Ingredients: Pork Heart, Beef Liver, Pork, Carrots, Broccoli, Kale, Butternut Squash, Pineapple, Minerals (Dicalcium Phosphate, Calcium Carbonate, Tricalcium Phosphate, Magnesium Oxide, Zinc Amino Acid Chelate, Copper Amino Acid Chelate, Iron Amino Acid Chelate, Sodium Selenite, Manganese Amino Acid Chelate, Potassium Iodide), Chia Seeds, Salmon Oil Powder, Potassium Chloride, Salt, Vitamins (Vitamin E Supplement, Vitamin B12 Supplement, Vitamin A Supplement, Vitamin D3 Supplement), Cod Liver Oil Powder, Ground Flaxseed, Choline Chloride, Rosemary Extract, Parsley, Ground Cinnamon, Dried Kelp, Beef Tallow

AAFCO Statement:  Tylee’s recipes are formulated to meet the nutritional levels established by the AAFCO Dog Food Nutrient Profiles for all life stages, including the growth of large breed puppies (those with an adult weight of over 70 lbs).

Balanced for puppies and adults, including large breeds.

Guaranteed Analysis:

  • Protein: 12%
  • Fat: 8%
  • Fiber: 2%
  • Moisture: 72%

Dry Matter*:

  • Protein: 43%
  • Fat: 29%
  • Carbs: 28%

*estimated by calculation

Percent Calorie*:

  • Protein: 33%
  • Fat: 53%
  • Carbs: 14%

Tylee’s Human-Grade Turkey Recipe

Ingredients: Turkey Heart, Turkey, Turkey Liver, Cranberries, Zucchini, Spinach, Sweet Potatoes, Minerals (Dicalcium Phosphate, Calcium Carbonate, Tricalcium Phosphate, Magnesium Oxide, Zinc Amino Acid Chelate, Copper Amino Acid Chelate, Iron Amino Acid Chelate, Sodium Selenite, Manganese Amino Acid Chelate, Potassium Iodide), Ground Flaxseed, Salmon Oil Powder, Chia Seeds, Potassium Chloride, Salt, Vitamins (Vitamin E Supplement, Vitamin B12 Supplement, Vitamin A Supplement, Vitamin D3 Supplement), Cod Liver Oil Powder, Choline Chloride, Rosemary Extract, Ground Cinnamon, Dried Kelp, Beef Tallow

AAFCO Statement:  Tylee’s recipes are formulated to meet the nutritional levels established by the AAFCO Dog Food Nutrient Profiles for all life stages, including the growth of large breed puppies (those with an adult weight of over 70 lbs).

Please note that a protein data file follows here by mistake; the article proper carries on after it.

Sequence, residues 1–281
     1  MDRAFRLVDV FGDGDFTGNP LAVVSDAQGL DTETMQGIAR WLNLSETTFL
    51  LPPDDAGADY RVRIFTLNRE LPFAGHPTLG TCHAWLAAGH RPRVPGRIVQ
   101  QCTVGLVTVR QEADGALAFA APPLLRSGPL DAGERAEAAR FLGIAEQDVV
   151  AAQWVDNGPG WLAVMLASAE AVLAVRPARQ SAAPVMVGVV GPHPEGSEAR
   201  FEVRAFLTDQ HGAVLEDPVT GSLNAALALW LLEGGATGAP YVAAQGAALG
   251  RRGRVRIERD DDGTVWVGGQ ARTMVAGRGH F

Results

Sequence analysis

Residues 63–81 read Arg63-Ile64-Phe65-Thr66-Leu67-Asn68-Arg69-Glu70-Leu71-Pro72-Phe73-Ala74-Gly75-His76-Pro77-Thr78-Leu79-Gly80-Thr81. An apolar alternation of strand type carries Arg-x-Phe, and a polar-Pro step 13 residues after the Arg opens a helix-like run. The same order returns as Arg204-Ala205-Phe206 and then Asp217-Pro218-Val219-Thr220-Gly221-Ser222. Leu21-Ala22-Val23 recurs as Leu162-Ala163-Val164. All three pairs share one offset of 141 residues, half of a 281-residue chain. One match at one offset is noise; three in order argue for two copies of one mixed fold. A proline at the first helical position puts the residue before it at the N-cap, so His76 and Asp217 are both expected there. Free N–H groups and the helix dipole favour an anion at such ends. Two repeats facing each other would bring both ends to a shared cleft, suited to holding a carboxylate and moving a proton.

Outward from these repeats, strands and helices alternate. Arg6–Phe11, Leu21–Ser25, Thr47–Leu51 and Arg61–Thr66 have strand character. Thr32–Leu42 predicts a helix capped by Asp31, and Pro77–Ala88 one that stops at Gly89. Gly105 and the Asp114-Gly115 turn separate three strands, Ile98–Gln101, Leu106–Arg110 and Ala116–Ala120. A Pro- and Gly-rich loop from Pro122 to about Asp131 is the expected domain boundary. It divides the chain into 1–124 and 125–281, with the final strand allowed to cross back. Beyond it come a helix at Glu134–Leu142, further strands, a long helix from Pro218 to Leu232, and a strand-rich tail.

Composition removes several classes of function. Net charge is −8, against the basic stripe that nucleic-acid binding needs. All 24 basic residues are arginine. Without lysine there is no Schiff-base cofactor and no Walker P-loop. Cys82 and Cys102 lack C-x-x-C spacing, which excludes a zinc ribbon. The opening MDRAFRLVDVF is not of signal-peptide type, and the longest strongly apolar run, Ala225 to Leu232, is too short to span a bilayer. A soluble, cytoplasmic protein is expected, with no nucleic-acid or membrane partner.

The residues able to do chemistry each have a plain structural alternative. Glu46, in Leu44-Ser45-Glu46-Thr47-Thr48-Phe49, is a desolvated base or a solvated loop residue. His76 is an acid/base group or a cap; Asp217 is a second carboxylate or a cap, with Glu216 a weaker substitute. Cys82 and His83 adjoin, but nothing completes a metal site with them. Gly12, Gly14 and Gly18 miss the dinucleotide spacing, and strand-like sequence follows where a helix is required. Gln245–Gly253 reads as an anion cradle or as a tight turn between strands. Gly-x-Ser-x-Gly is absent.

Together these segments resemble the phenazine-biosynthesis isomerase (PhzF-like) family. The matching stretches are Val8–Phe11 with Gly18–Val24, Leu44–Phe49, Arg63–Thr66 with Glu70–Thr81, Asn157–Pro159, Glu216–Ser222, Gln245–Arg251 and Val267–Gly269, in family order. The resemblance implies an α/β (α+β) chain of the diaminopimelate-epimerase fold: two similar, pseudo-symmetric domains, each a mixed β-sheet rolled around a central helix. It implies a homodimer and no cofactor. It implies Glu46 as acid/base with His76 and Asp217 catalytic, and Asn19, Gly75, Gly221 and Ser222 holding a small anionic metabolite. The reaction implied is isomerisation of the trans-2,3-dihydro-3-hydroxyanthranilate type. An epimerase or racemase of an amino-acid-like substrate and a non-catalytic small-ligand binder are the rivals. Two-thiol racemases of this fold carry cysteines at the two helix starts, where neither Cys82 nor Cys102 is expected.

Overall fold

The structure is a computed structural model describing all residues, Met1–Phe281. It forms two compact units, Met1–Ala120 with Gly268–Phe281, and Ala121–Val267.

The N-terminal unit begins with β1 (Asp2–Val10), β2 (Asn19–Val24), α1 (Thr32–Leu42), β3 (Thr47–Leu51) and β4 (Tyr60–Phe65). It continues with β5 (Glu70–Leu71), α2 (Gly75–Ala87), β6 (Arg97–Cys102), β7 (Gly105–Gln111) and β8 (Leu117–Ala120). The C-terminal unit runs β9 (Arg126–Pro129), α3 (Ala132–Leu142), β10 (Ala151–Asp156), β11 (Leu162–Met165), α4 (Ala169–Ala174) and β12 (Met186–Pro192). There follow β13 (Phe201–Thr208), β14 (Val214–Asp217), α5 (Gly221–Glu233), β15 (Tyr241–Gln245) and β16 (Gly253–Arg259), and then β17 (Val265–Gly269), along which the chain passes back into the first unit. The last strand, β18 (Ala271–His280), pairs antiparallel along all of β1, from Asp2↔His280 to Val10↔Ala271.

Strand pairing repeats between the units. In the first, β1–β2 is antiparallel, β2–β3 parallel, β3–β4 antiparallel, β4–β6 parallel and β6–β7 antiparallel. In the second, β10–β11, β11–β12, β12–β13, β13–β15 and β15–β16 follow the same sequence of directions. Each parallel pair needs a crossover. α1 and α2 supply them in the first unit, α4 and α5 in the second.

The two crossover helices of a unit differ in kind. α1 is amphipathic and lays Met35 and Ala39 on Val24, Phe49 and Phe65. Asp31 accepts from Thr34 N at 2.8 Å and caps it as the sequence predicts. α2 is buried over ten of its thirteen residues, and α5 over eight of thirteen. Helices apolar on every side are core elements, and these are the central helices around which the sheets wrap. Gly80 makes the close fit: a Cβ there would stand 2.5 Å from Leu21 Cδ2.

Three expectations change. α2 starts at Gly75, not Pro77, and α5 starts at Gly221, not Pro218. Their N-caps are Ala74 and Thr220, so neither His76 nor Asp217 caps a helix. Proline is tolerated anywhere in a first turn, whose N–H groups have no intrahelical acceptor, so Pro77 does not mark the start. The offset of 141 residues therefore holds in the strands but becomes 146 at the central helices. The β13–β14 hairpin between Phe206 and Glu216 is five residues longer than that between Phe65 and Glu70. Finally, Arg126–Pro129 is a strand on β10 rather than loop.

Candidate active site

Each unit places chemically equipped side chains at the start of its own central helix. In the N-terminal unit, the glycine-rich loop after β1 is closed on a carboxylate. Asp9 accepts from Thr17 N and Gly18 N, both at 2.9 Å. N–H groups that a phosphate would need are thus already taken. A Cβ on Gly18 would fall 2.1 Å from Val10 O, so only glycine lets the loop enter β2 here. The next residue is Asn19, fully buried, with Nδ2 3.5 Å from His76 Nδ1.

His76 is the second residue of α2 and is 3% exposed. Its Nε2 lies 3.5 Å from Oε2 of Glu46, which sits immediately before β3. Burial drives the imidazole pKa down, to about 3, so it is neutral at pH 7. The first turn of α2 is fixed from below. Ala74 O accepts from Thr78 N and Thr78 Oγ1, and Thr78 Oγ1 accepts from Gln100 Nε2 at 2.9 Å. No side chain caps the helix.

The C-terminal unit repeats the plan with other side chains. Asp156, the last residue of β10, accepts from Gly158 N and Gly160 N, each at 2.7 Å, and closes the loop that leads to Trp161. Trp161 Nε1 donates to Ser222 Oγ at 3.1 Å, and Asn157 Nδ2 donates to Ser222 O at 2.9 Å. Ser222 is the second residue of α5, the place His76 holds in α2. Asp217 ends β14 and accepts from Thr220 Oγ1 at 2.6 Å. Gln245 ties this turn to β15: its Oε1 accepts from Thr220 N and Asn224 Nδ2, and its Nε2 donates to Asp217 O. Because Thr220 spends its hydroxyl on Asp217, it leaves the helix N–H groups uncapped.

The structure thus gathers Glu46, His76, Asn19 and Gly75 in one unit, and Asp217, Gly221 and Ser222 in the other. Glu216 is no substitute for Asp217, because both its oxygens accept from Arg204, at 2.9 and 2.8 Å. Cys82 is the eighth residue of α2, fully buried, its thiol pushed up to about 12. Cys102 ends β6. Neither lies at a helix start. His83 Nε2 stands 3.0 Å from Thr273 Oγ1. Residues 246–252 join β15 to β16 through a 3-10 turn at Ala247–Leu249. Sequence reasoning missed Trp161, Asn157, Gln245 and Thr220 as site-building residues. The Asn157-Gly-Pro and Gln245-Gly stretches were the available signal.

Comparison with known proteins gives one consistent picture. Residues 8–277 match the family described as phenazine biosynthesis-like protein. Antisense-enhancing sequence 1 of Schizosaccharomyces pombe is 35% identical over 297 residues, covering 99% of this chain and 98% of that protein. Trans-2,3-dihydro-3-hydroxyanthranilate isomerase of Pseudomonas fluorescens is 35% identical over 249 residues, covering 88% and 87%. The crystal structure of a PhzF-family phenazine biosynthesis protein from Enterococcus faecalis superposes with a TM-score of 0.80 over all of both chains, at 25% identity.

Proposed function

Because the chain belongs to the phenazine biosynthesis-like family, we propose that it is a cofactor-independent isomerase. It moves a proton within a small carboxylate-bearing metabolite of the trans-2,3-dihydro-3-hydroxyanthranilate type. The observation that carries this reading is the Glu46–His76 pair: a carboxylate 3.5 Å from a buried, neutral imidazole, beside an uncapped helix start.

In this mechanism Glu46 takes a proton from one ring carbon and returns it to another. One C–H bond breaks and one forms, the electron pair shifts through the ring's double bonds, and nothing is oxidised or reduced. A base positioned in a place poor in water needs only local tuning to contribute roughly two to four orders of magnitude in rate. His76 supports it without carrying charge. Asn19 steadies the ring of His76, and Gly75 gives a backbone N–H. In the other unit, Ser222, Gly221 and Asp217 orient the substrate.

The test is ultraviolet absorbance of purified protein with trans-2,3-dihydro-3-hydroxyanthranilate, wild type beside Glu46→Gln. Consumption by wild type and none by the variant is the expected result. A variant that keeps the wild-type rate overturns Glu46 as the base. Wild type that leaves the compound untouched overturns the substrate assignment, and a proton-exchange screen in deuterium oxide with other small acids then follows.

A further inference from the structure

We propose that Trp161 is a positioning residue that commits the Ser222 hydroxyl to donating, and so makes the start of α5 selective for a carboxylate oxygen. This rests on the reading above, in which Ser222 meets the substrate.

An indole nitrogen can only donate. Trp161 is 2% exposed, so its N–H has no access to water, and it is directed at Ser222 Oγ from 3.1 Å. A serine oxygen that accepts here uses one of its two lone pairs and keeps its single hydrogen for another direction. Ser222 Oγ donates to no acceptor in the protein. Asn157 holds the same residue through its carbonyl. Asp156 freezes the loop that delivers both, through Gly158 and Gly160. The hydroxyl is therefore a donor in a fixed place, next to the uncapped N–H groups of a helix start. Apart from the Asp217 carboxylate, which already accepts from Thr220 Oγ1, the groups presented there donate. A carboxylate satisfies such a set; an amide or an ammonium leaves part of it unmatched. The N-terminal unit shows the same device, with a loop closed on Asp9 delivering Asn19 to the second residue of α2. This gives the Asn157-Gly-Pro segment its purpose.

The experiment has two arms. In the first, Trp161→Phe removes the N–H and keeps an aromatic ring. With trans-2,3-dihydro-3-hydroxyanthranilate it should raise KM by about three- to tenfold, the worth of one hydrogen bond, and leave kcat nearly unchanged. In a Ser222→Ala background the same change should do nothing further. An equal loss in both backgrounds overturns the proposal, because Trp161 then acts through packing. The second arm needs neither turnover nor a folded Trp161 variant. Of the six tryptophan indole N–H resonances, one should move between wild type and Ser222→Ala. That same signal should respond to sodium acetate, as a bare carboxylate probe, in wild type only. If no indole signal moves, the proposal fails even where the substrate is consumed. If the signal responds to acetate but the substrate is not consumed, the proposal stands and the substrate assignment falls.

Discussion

Balanced for puppies and adults, including large breeds.

Guaranteed Analysis:

  • Protein: 11%
  • Fat: 8%
  • Fiber: 2%
  • Moisture: 72%

Dry Matter*:

  • Protein: 39%
  • Fat: 29%
  • Carbs: 32%

*estimated by calculation

Percent Calorie*:

  • Protein: 30%
  • Fat: 53%
  • Carbs: 17%

FREQUENTLY ASKED QUESTIONS ( FAQ )

Where to buy Tylee’s fresh Dog Food?

You can purchase Tylee’s dog food on chewy.com along with many other dog products. Setting up a meal plan and delivery schedule is relatively easy if you sign up to autoship as you can setup delivery every 2-8 weeks, and change the amount or types of items within your order prior to shipping to make sure you have room in your freezer. 

Storage Instructions and How to Feed Tylee’s Dog Food?

Tylee’s Dog Food comes frozen to your door in a cooler on dry-ice and will need to be thawed prior to feeding to your pup. As Tylee’s is a fresh dog food brand and does not contain preservatives (other than vitamin E) storage of Tylee’s Dog Food should be mostly in your freezer, and you should only thaw 2-3 days worth of food in your fridge. Over time you will become used to rotating food from your freezer to the fridge without issue.

To thaw simply defrost overnight in your fridge prior to feeding. When feeding – place food out for no more than 30 minutes, then place back into the fridge to feed later OR place food out for two hours then discard.

If you forget to thaw your dog’s food (which can happen!), you can heat up Tylee’s Dog Food quickly using your Microwave’s defrost setting (or 50% power for 2 minutes). Simply place the amount of food you need in a microwave-safe container prior.

Is Tylee’s Dog Food cooked Food Balanced for Puppies?

Yes, Tylee’s Dog Food is balanced for puppies and adult dogs including large breed puppies.

Tylee’s Dog Food vs. Kibble – how does it compare?

The main differences between a lightly cooked diet like Tylee’s Dog Food and a Kibbled diet comes down to processing method and preservation. Kibbled products use a combination of either high heat for short periods of time with a long dehydration period at low heat, OR high heat for a longer period of time in order to both cook and dehydrate their diets to allow them to be more shelf-stable. In contrast with lightly cooked diets which cook just enough to be considered food-safe according to the USDA, but do not continue cooking to dehydrate completely.

The second difference comes down to the amount of preservatives used. In order to make a shelf-stable diet kibbled dog foods need to use more preservatives – these may be natural preservatives like Mixed Tocopherols (Vitamin E) or may be synthetic preservatives like BHA/BHT. In contrast with fresh frozen pet food products which will use some vitamin E, but largely rely on freezing as a preservation method. This means the food is truly perishable, and you will need freezer and fridge space to store.

Is Tylee’s Dog Food a Raw Dog Food?